I’m absolutely delighted that the wonderful Margaret Atwood will open the Mountains to Sea festival in Dun Laoghaire, which is on from 3-8 September 2013. Several years ago I reviewed her book, ‘Payback: Debt and the Shadow Side of Wealth’. I was struck at the time by her deep understanding of our relationship with debt and would recommend this book highly. Here’s my review:
WITH REMARKABLE prescience and a firm grasp of the zeitgeist, Margaret Atwood, Lady Oracle herself, has produced this timely and engaging treatise on the nature of debt – a concept she believes to be integral to the human condition. This is not the first time that Canada’s first lady of literature has reflected current preoccupations in her work. Her post-modern novel Oryx and Crake, depicting in the bleakest terms a devastating global pandemic, was published in 2003 just as her home city of Toronto was in the throes of the Sars epidemic. Now to coincide with the current economic turmoil resulting from the anchoring of our financial system on the shifting sands of unsustainable debt, she has written Payback: Debt and the Shadow Side of Wealth, a companion piece to the Massey Lecture series that the author delivered during a recent lecture tour of Canada. Each of the five chapters in the book formed a lecture and the series will be broadcast on radio in Canada starting on November 10th. Atwood maintains that her motivation for this tangential undertaking is common curiosity. She has, she claims, long been fascinated by the concept of an underlying balancing principle governing society and giving rise to the concept of indebtedness. Debt, she argues, “mirrors and magnifies both voracious human desire and ferocious human fear”. So integral is it to the workings of society that it predates humanity and forms the model underlying the functioning of all groupings of social animals, including several species of primate.
Shedding light on the world’s current predicament, Atwood makes the compelling argument that our hunter/gatherer antecedents preclude us from fully realising the consequences of paying back in the future the money we borrow to satisfy our immediate desires. We are programmed for instant gratification and unable to resist credit if it is offered. This is compounded by our unrealistic optimism about our ability to repay loans. We simply cannot be relied upon to self-regulate our level of personal indebtedness in the absence of external guidelines and regulations. Though filled with such gems of common sense, this is definitely not a book to reach for if you’re struggling to balance your personal finances. Instead this quirky little volume, weighing in at just over 200 pages, is an abstract and erudite exploration of the relationship between creditor and debtor. In asking the fundamental and quaintly old-fashioned question “is debt sinful?”, the author notes a shift in our attitudes from sinful (as believed by the hard-working, self-sufficient generation of our parents) to harmless (as espoused by the recent credit card generation) back to sinful again (according to this new credit crunch generation). Is the sin of indebtedness equally grave for both the borrower and the lender as Dr Johnson maintained? Is it possible that some seek the thrill of indebtedness in the same way a laboratory rat, when deprived of all stimuli, will choose to electrocute itself rather than withstand boredom?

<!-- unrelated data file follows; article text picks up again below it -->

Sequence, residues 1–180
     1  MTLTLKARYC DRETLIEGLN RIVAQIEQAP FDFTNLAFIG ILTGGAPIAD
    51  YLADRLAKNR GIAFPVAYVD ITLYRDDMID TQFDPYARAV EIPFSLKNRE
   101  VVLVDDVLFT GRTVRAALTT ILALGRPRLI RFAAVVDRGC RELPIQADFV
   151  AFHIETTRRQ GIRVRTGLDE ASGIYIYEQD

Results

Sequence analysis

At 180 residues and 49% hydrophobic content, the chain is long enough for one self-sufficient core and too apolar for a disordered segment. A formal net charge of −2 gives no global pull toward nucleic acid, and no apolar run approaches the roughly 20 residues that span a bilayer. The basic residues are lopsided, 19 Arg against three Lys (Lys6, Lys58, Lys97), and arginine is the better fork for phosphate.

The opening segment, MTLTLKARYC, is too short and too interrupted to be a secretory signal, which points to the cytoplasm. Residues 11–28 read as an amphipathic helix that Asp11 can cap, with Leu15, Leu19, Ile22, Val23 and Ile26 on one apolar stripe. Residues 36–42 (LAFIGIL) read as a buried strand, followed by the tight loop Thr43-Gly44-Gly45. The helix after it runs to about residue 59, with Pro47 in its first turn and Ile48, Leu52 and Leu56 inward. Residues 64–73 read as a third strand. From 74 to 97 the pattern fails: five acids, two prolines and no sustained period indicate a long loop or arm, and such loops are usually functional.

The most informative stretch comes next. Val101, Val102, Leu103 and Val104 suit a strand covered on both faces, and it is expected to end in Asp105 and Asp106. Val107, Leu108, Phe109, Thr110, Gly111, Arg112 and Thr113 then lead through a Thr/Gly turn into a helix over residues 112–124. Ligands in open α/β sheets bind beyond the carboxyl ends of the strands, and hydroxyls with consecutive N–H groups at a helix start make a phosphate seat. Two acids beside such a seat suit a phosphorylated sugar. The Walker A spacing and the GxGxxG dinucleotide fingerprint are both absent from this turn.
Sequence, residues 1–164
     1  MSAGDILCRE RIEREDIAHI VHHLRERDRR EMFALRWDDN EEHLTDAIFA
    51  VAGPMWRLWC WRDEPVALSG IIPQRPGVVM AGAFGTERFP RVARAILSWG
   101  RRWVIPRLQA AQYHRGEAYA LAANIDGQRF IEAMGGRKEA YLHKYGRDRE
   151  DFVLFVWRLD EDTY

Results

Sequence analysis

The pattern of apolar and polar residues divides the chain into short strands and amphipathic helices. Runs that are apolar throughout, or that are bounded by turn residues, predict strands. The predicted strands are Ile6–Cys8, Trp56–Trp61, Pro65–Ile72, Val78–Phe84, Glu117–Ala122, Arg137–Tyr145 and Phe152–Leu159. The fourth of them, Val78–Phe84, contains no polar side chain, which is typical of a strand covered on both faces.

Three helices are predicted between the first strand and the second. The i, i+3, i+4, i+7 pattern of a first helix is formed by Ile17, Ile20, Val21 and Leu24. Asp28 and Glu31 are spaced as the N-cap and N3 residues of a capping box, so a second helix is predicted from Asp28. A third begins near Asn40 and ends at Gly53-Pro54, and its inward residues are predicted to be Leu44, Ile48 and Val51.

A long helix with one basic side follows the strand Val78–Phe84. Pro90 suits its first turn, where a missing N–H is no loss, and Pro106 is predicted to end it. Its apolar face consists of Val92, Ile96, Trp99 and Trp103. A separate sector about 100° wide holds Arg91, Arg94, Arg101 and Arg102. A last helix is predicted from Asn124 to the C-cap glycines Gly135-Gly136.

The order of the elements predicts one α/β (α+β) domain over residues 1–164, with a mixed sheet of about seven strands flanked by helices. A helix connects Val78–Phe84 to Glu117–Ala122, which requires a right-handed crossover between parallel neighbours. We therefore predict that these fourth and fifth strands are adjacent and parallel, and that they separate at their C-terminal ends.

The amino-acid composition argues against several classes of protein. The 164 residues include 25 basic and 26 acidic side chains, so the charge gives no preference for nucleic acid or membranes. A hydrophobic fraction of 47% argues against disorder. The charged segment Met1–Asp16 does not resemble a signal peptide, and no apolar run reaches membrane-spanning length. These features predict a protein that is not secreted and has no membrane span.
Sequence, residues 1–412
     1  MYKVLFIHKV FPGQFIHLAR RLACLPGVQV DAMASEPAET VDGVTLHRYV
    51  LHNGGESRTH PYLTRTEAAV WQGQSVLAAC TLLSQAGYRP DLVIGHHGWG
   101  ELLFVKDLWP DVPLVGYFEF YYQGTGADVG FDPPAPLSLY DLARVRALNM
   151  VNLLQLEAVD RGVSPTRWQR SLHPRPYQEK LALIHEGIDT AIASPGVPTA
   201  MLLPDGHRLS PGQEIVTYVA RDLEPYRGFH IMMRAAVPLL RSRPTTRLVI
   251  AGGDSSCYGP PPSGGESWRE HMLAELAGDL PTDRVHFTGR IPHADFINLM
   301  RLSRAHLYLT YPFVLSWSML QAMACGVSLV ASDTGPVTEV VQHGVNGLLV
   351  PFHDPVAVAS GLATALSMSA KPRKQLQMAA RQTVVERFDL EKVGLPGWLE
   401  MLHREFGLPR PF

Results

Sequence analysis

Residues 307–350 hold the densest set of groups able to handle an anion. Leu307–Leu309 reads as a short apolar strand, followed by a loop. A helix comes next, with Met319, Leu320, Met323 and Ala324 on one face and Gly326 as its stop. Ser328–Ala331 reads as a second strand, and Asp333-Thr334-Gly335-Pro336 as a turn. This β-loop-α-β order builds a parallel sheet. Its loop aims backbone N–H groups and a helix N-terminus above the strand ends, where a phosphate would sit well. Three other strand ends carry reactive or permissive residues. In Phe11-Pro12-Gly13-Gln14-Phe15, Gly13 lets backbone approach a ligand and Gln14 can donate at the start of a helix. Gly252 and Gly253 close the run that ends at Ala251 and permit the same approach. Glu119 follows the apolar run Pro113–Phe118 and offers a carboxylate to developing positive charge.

Payback flows along in an accessible, conversational style that belies the considerable research and learning underpinning it. Seamlessly blending classic with contemporary culture and drawing on Atwood’s own sensible Canadian childhood, it meanders through mythology, ancient history, literature, theology and anthropology with concepts lifted from Star Trek and vivid evocations of ancient Egyptian burial rites sharing the same page. In one paragraph, Machiavelli warns of the dangers of a leader plunging his country into debt as it results in a loss of power and influence. In another, we learn that forbidding Christians from charging interest on loans gave rise to the kind of anti-Semitism best illustrated in Shakespeare’s Merchant of Venice. Dickens’s Scrooge and Marlowe’s Doctor Faustus are described as shadow debtors, one spending with abandon having pledged his soul to the devil and the other grasping money but incurring a debt to humanity for his harsh treatment of others. Atwood’s finale, a reworking of A Christmas Carol, sees a modern manifestation of Scrooge inhabiting a chilling environmental parable. Ultimately, the author offers us a glimpse of redemption but urges us to act now or lose it forever. This slight volume, an extended essay really, grapples with some huge concepts and would make an affordable stocking-filler in these austere times. First published in the Irish Times of Tuesday November 6, 2008.